samedi 9 juillet 2011
Betty Ford: Trailblazer
Too bad the trail seems to have ended.
My first reaction to the news of the passing of Betty Ford last night at the age of 93 was "Well, she had a good, long run." My second reaction was a profound sadness, because it all came rushing back to me just what a groundbreaking figure she was, and about how much the role of the First Lady has backslid since Gerald Ford ran for re-election in 1976 and people sported buttons that said "Betty's Husband For President."
Today, the perfect Republican prospective First Lady is quiet, unassuming, has that glazed thorazine stare, looks adoringly at her husband and says little else, and most importantly, keeps her mouth shut. Maybe she can take on libraries as a cause, or some vague thing the press refers to as "education", but mostly her job is to wear elegant but modest dresses to state dinners, kiss babies, and show the country just what a swell guy her husband is.
In the years since Betty Ford left the White House, we have had two First Ladies who didn't match that expectation, and both of them have been Democrats. We all know the kind of crap Hillary Clinton took from the right and the media for having the temerity to believe taht being First Lady meant you could do more than just, as she famously (and tactlessly) said, "stay at home and bake cookies." Now we have Michelle Obama, a successful attorney, who is taking no end of crap for having the temerity to suggest that we should get kids eating better and getting outside and moving around.
Hillary Clinton may have been the first feminist-era First Lady, and Eleanor Roosevelt may have been the first one who was actually a feminist (before the word even existed), but Betty Ford brought a radicalism to her role that perhaps no Democratic First Lady could have. Her brief time in the White House was a "Nixon Goes to China" moment in our history; a time when a World War II-generation woman "got with the program" and showed that it's OK for a woman to be human.
Today we have marathons and fundraisers with pink ribbons and baseball players who wear pink socks for breast cancer awareness, but before Betty Ford announced to the world in 1974 that she had undergone a mastectomy for breast cancer, the disease was something to be hidden; something shameful. To the extent that there has been progress with this disease it is because Betty Ford "took it out of the closet." I know a woman, a few years younger than I, who is currently undergoing chemotherapy for breast cancer. She is strong and fierce and unfortunately is the one who has to reassure everyone she tells when they get, as she calls it, "the sad face" upon hearing the news. To the extent that we can celebrate any death, the fact that Betty Ford made it to 93 after treatment should give her hope at a time when she and everyone around her needs it.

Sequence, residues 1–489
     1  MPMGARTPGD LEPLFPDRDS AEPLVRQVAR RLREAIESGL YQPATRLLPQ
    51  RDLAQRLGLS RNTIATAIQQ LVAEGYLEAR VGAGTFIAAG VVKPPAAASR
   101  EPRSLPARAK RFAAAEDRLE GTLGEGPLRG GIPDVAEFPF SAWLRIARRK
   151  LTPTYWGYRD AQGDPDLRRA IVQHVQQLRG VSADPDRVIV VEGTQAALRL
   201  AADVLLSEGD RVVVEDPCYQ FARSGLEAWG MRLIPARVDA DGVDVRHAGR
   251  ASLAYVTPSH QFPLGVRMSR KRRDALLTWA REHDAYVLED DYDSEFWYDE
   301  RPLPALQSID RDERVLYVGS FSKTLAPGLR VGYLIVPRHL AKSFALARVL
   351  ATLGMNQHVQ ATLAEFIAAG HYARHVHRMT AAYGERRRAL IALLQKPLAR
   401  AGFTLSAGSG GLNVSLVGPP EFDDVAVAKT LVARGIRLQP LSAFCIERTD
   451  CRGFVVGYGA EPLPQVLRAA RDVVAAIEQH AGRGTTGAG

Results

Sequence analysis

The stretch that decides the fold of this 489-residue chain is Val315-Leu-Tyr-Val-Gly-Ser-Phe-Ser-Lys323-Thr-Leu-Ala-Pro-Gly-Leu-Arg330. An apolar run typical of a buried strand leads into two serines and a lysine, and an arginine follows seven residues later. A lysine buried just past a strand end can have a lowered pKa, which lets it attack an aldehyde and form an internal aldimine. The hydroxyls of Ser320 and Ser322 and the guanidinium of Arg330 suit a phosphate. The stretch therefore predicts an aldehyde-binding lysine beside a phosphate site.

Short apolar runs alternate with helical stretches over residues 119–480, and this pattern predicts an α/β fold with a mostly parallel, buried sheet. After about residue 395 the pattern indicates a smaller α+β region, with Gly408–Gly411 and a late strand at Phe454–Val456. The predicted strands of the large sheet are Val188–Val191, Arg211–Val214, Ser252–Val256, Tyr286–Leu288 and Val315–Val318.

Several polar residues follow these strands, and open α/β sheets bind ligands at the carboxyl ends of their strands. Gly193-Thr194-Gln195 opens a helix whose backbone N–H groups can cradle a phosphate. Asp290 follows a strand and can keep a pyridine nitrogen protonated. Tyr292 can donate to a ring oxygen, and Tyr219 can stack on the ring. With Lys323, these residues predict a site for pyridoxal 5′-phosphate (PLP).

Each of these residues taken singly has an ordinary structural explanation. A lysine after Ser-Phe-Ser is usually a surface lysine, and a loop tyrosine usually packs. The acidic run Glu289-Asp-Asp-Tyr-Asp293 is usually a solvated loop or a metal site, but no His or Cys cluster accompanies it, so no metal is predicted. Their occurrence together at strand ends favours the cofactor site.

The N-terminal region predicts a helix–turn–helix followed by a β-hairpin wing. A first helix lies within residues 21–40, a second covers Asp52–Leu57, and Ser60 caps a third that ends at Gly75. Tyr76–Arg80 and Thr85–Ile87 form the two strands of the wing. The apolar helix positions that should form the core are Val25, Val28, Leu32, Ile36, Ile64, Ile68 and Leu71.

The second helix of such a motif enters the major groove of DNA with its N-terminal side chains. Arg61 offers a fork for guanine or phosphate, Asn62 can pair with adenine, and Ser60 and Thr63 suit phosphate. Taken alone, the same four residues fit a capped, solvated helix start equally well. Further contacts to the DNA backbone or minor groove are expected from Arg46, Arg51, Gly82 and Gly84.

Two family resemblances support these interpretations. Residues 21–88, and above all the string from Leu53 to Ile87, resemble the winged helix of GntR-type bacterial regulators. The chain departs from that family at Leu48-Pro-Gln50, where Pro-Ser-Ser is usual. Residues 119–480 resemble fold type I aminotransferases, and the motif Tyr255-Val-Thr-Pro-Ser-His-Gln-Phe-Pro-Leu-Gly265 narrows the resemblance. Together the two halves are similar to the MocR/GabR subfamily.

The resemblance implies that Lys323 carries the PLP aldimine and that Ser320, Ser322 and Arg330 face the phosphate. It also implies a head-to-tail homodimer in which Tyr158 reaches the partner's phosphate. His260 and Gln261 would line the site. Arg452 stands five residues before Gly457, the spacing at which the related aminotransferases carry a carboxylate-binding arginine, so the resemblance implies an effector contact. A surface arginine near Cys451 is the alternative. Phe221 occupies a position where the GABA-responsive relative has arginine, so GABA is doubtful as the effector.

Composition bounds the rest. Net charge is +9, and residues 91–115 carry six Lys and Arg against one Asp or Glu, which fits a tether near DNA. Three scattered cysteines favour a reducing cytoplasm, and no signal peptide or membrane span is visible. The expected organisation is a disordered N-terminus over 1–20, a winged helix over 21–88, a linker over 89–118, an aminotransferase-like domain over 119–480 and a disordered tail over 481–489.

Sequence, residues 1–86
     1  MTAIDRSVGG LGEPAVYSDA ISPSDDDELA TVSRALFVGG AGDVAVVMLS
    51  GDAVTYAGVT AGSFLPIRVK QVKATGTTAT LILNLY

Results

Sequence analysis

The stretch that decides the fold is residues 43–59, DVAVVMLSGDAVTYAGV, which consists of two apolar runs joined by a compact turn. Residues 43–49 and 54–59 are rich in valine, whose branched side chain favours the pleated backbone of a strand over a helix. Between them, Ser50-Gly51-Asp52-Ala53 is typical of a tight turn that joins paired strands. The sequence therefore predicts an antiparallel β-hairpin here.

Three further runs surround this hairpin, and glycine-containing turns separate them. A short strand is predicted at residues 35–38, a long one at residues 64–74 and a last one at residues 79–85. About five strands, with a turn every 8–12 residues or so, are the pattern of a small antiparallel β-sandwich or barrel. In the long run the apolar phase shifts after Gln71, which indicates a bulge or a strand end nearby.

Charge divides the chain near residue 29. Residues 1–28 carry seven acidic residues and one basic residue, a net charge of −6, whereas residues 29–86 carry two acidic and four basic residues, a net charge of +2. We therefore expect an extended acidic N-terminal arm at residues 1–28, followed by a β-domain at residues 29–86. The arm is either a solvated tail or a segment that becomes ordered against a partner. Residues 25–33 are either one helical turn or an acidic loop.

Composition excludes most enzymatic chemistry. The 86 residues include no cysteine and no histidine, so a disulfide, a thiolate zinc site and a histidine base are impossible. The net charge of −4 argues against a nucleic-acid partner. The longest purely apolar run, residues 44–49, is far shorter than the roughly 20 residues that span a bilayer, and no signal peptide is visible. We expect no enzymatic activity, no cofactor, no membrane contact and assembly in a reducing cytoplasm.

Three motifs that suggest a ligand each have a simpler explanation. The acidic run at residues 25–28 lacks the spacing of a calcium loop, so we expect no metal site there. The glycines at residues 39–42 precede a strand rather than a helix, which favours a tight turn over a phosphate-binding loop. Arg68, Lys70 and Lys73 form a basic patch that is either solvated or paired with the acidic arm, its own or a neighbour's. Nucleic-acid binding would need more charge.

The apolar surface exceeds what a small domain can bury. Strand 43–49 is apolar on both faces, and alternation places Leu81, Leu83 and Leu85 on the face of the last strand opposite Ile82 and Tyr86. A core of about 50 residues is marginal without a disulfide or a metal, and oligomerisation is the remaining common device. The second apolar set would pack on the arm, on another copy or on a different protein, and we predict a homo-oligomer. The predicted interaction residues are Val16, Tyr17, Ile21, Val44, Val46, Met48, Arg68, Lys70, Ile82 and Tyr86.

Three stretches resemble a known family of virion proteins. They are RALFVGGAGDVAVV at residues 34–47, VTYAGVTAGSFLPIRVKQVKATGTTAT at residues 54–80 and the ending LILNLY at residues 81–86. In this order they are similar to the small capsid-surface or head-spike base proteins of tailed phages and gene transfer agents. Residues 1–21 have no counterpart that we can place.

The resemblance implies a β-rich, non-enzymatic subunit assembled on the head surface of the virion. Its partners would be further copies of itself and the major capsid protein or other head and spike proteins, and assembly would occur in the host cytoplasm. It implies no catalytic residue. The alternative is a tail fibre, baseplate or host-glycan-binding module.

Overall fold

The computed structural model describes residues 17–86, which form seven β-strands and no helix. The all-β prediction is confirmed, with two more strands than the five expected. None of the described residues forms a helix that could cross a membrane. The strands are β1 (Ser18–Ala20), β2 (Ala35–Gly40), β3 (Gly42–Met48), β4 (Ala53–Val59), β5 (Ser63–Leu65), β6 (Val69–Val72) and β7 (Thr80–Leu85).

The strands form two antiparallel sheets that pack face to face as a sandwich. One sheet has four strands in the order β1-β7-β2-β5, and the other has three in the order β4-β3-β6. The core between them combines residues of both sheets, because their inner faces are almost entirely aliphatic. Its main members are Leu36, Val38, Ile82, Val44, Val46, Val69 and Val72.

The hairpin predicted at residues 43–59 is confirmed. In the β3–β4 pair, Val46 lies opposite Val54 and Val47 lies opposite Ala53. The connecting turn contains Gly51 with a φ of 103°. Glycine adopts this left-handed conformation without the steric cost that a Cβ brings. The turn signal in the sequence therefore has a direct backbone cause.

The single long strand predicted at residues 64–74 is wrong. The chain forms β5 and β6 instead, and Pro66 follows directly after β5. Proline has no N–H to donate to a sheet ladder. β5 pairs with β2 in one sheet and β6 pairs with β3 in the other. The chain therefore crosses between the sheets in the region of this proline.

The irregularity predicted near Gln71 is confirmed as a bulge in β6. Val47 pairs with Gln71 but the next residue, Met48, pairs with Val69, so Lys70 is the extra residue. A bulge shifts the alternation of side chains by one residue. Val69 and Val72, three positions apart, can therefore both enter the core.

When I went looking for just the right photo of Betty Ford, I found that when you search Google Images for "Betty Ford", you get plenty of photos of the former First Lady, but also many of Lindsay Lohan, and so we move on to what is perhaps Mrs. Ford's greatest achievement -- revealing that it isn't just poor people and people of "bad moral character" who become strung out on drugs. When you look at the wives of today's Republican candidates, which one of them do you think would have the guts to attach her name to a substance abuse rehabilitation center? The Betty Ford Center was founded long after Mrs. Ford left the White House, but she had already earned her place in the hearts of Americans -- a place that allowed her to gently tap on the door behind which lay tens of thousands of substance abusers and say, "I am one too, and there is help for you." When you look at the glazed stare of so many Republican women, you wonder how many of THEM are strung out, but in today's judgmental climate, it's hard to imagine any potential First Lady having the guts that Betty Ford had back in 1976.
Betty Ford favored abortion rights, she favored passage of the Equal Rights Amendment, she was sanguine about possible marijuana use and cohabitation by her children -- she was the kind of "cool mom" that it was hard to imagine in those days, when so many of our parents had been utterly freqked out by what had gone on over the previous ten years. And she was a Republian, no less.
The passing of this remarkable woman isn't sad because of her death itself. Most of us would be grateful to live for 93 years and leave behind a legacy of kindness, nonjudgmentalism, and making a difference in the lives of breast cancer patients and their families and friends and of those trapped in the maw of substance abuse. It's sad because when we look back at the life and work of Betty Ford, and we think about the war that her political party has declared on women who are not fundamentalist Christians, we realize just how much we've lost. Betty Ford blazed the trail, but we have been remiss in continuing to clear the way for future generations of women.